Long before scary movies and graphic video games, children were afraid of going to bed in the dark. Being terrified of monsters hiding under the bed or in the closet is a universal phenomenon, and you're not the only parent losing sleep at night. To figure out the best way to help kids squash those fears, we asked our baby and child expert. In addition to being an assistant professor of early childhood development, Dr. Aimee Ketchum is also a parent who is able to provide experienced advice.
While many believe a fear of monsters is due to viewing something scary or reading a book that isn't age-appropriate, children can still develop fears with media. Ketchum said, "Young children have vivid imaginations. When they are stressed or anxious, this can manifest itself in a fear of monsters. Monitoring books and shows is always a good idea to ensure that content is appropriate, but children can develop fears all on their own."
Fears look different depending on the age group. Toddlers are typically fearful of things that are out of their control. This can be anything from loud noises, such as thunderstorms or dogs barking, or animated animals or toys. Because toddlers are learning to be more independent, unpredictability can cause fear and anxiety.
When you think about the typical fear of monsters, ghosts or goblins under the bed, it generally pertains to preschoolers. A child's imagination is more active than it will ever be during this stage of life, and it's difficult for them to tell the difference between fantasy and reality.
According to Ketchum, "Five and 6- year-olds may fear losing a parent, getting lost or their house burning down. At this age, they are starting to understand that these things could actually happen, and they may fixate on these scary things." She also said that while the typical fear of monsters under the bed should be over by 6 years old, because they're able to differentiate between fantasy and reality, other fears may take over.
Depending on a child's age and the underlying issue behind their fears, there are a variety of approaches to try to help your child squash their fear of the dark or monsters under the bed.
The first tip Ketchum gave was to be empathetic and comforting. It's essential to acknowledge their fears. Ketchum said, "Parents should never dismiss fears. They should never say that something can never happen." However, she also advised that parents not feed into the fears in any way.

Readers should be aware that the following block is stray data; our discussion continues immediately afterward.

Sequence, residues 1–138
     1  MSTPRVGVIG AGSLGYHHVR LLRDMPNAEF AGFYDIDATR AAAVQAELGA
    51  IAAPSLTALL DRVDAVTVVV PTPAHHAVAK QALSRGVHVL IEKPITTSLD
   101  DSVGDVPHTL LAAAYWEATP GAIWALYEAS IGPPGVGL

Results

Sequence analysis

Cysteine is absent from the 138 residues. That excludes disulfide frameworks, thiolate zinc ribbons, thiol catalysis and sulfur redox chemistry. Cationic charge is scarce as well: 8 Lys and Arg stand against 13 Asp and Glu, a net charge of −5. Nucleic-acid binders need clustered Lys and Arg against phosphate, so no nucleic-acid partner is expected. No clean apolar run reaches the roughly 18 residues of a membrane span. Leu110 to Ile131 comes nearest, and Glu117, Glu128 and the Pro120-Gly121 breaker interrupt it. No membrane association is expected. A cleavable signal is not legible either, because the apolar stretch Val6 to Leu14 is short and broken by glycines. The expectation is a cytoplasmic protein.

If you have an older child, Ketchum recommended openly discussing the fear and the low likelihood of it coming true. "Remind them of all the protections, such as a safe home that protects them from storms, a dog that barks if there is a burglar."
After listening to your child's fear, Ketchum recommended brainstorming solutions together. "Maybe parents use bad dream spray at bedtime to keep the bad dreams away. Parents and children can create a monster trap together that makes the child feel safer or they can give the child a new stuffed animal with special powers to calm and fight fears. Another idea is to make a magic line of stickers across the floor that the monster can't cross."
Children's fears generally stem from their vivid imaginations, so you can use your child's imagination to your advantage by being creative. In addition to advising parents on this issue as a professional, Ketchum also dealt with this issue as a parent. She said, "I always made monster spray for my daughter. It was just lavender-scented water in a pretty bottle."
Sometimes children's fears can stem from the anxiety of an upcoming event, such as the first day of school or riding the bus. Parents can allay these fears by visiting the school or doing a test ride on the school bus.
Franklin the turtle books cover a wide variety of topics that cover anything from making new friends to learning how to ride a bike. This particular book addresses the fact that everyone has fears and talks specifically about being afraid of the dark. Sold by Amazon
Not only is this book entertaining for all kids, but it's also helpful for children who are afraid of the monster under their bed. In this book, the monster is an alligator, and the little boy devises a plan to get it out for good. Sold by Amazon
If a child's main concern is the dark, adding a nightlight can be a huge help. This one is made of silicone and is perfect for snuggling at night to keep the monsters away. It features a sleep timer and nine bright colors. Sold by Amazon
Dr. Ketchum recommended a weighted blanket to help kids with fears and anxiety. This option comes with a weighted blanket and a duvet cover, making it convenient to clean. Five pounds is recommended for kids who weigh between 40 to 70 pounds. Sold by Amazon
This spray bottle is wrapped with a cute label and is sure to ease the fears of any kid. Fill it with plain water or add a drop of essential oil. It's sure to scare off all monsters, big and small. Sold by Amazon
Use these stickers to create a monster barrier that keeps the bad creatures out, or use them as a reward. This book contains over 1,000 stickers in holiday, seasonal and other celebration themes. Sold by Amazon
For a calming effect, use an essential oil diffuser with lavender oil. This diffuser emits a cool mist, which is helpful for coughing or congestion caused by a cold or dry air. It also lights up with eight different colors and can be used as a night light. Sold by Amazon
One way to help children squash their fear of monsters under the bed is to get them a stuffed animal with special powers to fight any unwanted creatures. This one is made with soft and cozy materials for nighttime snuggling. Sold by Amazon
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Bre Richey writes for BestReviews. BestReviews has helped millions of consumers simplify their purchasing decisions, saving them time and money.